Following his election as new leader of the the Democratic League of Kosovo, LDK, Lumir Abdixhiku vowed to pursue reforms, 'prove the doubters wrong' – and restore his party to its old primacy in politics.
Lumir Abdixhiku has been elected the new chairperson of the Democratic League of Kosovo, LDK, exactly one month after Kosovo’s oldest party was humbled disastrously in parliamentary elections, promising to restore the party “to its original place”.
He won the vote by a landslide in the first round with the support of 191 of 335 party delegates. His rivals, Gjilan mayor Lutfi Haziri and outgoing Minister of Agriculture Besian Mustafa, won 116 votes and 16 respectively.
The 38-year-old economist becomes the youngest LDK leader ever elected, and his mandate will run until 2023. He has been an LDK member since 2017 and was elected to parliament in subsequent elections.
Abdixhiku’s stature within the party grew year by year and in 2020 he was made Minister of Infrastructure in the short-lived government led by Vetevendoje’s Albin Kurti, in which the LDK was a coalition partner.
When Kurti’s government lost a no-confidence vote, tabled by the LDK itself in March 2020, Abdixhiku stood aside. He did not become a minister of Avdullah Hoti’s new LDK-led cabinet.
He returned to the party before the February 14 snap elections as a candidate for MP, winning the third highest number of votes of any LDK candidate – 25,267.
After winning the leadership of the LDK on Sunday, Abdixhiku took to the floor to highlight the need for thorough reforms.
“We need to start from ourselves for our great comeback … The way ahead requires reforms and we will do reforms. I am sure we will prove the current doubters and permanent sceptics wrong,” Abdixhiku said.
The LDK came third in the February 14 snap elections with only 12.7 per cent of the votes, around 111,000 votes in all, far behind the winner, Vetevendosje, which won more than 50 per cent of the votes, or 438,335 votes, and also behind the Democratic Party of Kosovo, PDK, which took 17 per cent.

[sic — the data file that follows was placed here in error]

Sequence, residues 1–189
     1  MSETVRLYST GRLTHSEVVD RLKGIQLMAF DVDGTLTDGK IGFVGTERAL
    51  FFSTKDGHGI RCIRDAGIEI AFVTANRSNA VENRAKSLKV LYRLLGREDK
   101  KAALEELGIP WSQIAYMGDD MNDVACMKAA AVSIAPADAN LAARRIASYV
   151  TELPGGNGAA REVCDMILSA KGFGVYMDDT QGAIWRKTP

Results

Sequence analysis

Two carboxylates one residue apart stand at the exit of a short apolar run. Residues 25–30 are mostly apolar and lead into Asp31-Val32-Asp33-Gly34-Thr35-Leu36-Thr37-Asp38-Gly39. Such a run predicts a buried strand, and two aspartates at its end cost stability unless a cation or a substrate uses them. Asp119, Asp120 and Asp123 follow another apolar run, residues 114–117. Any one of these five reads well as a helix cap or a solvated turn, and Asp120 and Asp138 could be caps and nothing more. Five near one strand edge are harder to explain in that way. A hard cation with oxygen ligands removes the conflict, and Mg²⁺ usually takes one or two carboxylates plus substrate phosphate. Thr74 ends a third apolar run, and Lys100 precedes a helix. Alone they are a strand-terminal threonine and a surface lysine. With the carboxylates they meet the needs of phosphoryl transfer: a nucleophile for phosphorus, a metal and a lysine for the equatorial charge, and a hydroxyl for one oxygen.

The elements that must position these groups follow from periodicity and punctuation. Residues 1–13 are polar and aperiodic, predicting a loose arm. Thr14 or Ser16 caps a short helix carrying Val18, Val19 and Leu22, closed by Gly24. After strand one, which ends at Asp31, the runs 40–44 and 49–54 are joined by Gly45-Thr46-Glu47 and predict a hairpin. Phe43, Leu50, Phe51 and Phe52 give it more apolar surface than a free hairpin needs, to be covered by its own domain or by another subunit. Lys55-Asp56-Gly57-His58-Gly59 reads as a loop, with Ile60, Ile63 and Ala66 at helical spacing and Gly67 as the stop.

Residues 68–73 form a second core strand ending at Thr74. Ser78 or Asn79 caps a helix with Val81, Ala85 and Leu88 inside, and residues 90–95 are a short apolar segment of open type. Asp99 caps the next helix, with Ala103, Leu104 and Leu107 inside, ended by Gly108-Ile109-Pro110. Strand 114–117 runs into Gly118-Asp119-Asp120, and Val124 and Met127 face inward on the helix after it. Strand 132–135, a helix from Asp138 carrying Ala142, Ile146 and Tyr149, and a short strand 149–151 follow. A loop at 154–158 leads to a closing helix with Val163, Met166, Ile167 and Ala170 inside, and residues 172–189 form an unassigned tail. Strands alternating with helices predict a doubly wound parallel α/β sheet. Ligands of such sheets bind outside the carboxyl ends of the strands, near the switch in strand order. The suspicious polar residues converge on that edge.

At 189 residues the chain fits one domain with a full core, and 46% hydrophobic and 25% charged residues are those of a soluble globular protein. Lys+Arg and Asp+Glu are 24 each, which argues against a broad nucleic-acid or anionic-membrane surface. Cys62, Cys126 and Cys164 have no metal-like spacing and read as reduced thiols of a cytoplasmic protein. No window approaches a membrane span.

The result was the LDK’s worst in its 32 years of history and triggered the immediate resignation of its leader, Isa Mustafa, less than 24 hours after the vote closed.
Kosovo analyst Astrit Gashi said Abdixhiku’s election as LDK chief was “perhaps the necessary change” that the party needed to make after its poor performance in the elections.
But the real challenges, according to Gashi, start now.
“The new chairperson has a long and arduous road ahead. He should surpass himself and become a leader who brings synergies together to push forward his vision,” Gashi said.
“He should listen carefully to the voices of sceptics and critics and not be locked in the shell of [party] followers and servants,” Gashi added.
The LDK was the first ethnic Albanian party formed in Kosovo, in December 1989, when the province was still part of Serbia, ruled by Slobodan Milosevic.
Under its first leader, Ibrahim Rugova, it led ethnic Albanian resistance to the Milosevic regime for a decade, advocating non-violence and the creation of “parallel” systems of education and government.
In the first free elections held in Kosovo, just after the war with Serbia ended, in 2000, it surprised many when it won control of the vast majority of municipalities.
The LDK’s political dominance lasted until the 2007 elections when, following Rugova’s death in 2006 and growing internal disputes, it lost to the growing PDK.
While the results of the 2017 local elections in Kosovo showed a significant increase in its popularity, when the LDK won control of the biggest number of municipalities, in the 2019 legislative elections the LDK came second with 24.5 per cent of votes while Vetevendosje inched ahead with 26.3 per cent.
15 March 2021 - 14:03
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